I have been thinking about Richard Wagner over the last few weeks because I am currently obsessing over Gotterdammerung, the last music drama in his epic four day cycle, The Ring. I have for a long time now wanted to go to the great Wagner opera house in Germany at Bayreuth that was built specifically for the World premiere of The Ring in 1876. Anyone who follows the music blogs on this page will know that I am on an epic journey of my own through the history of music and that I have now reached the year 1875 when the last of the Ring’s four sections was completed. When I reach 1876, I plan to mount my own mini-Bayreuth Festival at home with either DVDs or CDs of the four works played in order over four days just as it is done at Bayreuth. The problem is which version to use.
I have only been to a live cycle of The Ring once, at Covent Garden in 1970, when it was conducted by Georg Solti and when I was totally overwhelmed by the splendour of the whole conception. I have always thought that I could only repeat my excitement by, one day, going to Bayreuth. Then I started looking at the artists currently engaged there and listening to some of their recordings and realized that far from being exciting, a visit to Bayreuth these days could be a painfully depressing experience. The brutal truth is that they just don’t make Wagnerian singers like they used to “in the old days”.
The golden era, as far as recordings are concerned, was just before my time when three never to be surpassed sopranos took on the mammoth role of Brunnhilde the wild-girl goddess turned heroine known to everyone whether they like opera or not by her thrilling, armour-clad Valkyrie.
Those formidable women were the Norwegian dramatic soprano, Kirsten Flagstad (1895-1962), maybe the greatest of them all with a voice that was both giganic and powerful and for whom singing over a massive Wagnerian orchestra was never a problem.
Then there was Swedish Birgit Nilsson (1918 -2005) who is the Brunnhilde on Solti’s famous Decca recordings of The Ring and whom I was lucky enough to hear sing the final scene from Gotterdammerung in her farewell concert at the Royal Albert Hall in a magnificent concert conducted by the great Wagnerian conductor Rafael Kubelik.
Finally, there was Nilsson’s exact contemporary the American, Astrid Varnay (1918 – 2006) who first sang the part at the absurdly young age of 23 – triumphantly, radiantly but ultimately recklessly because in mid-life the damage on her vocal chords forced her to abandon soprano roles for lower ones. It was during her later career that I was able to catch her before she too left the operatic stage. She was at Covent Garden in 1968 when I saw her playing the wild and hysterical Kostelnicka in Janucek’s opera Jenufa (1904). I remember her performance as one of the most impressive and unsettling performances that I have ever had in the opera house so I was thrilled to discover that her Munich performance of the same role was filmed there in 1970. I think it shows just how sensational a Brunnhilde she must have made when she was a young – and let’s face it – attractive woman.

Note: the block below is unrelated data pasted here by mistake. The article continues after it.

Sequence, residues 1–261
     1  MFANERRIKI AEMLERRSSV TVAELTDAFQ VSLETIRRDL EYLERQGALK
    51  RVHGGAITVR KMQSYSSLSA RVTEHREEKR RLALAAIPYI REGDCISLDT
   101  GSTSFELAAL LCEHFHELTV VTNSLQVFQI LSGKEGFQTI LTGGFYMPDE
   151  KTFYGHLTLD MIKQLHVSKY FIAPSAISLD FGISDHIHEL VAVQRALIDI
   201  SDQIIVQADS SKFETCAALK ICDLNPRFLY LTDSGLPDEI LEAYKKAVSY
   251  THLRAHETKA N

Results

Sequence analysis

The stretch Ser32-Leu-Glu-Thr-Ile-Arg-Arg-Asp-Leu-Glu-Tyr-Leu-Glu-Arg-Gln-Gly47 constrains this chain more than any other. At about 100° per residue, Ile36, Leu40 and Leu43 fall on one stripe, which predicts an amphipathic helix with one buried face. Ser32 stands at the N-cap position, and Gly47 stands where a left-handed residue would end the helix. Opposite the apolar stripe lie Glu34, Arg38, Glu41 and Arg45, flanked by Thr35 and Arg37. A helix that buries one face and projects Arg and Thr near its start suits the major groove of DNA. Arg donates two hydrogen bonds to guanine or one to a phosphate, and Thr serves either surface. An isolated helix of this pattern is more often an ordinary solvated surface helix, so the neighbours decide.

After playing a number of different performances of Gotterdammerung over the last few weeks, I have come to a decision, even though I have owned and played the Solti/Nilsson recording all my adult life, I have decided that my ideal Ring cycle when I do my version of the 1876 premiere will be the performance at Bayreuth in 1955 that starred a group of superlative Wagnerian singers including Astrid Varnay singing in their absolute prime at a time that has now seen as the end of an era when Wagner’s operas could be cast with voices that could actually sing the notes, fill the house and interpret the drama without the painful wobbles and screeches that disfigure so many modern performances.
So my ideal trip to Bayreuth would involve time travel – I would love to go back to 1955 for just four nights only for The Ring as performed (and recorded life in primitive stereo) by the conductor Joseph Keilberth. Now issued on CDs for the very first time and, for me anyway, far superior to anything that you will come across on DVD or in any modern CD recordings.
Below you can hear the last, inspirational, wonderful, heart-breaking final part, the Immolation Scene, where Brunnhilde rides her horse into the flames of her hero husband’s funeral pyre, returns the cursed Ring to the Rhinemaidens and by dying, set fire to the gods, including her father Wotan, and redeems something, maybe the World, everybody argues about the meaning of this, by her supreme love. Maybe even Wagner got confused with the complexities of his epic. Whatever the meaning, the music is sublime.
But before that, you have to watch Astrid Varnay as the murderous infanticide step-mother in Janacek’s
Jenufa. Madame Varnay, you were simply magnificent.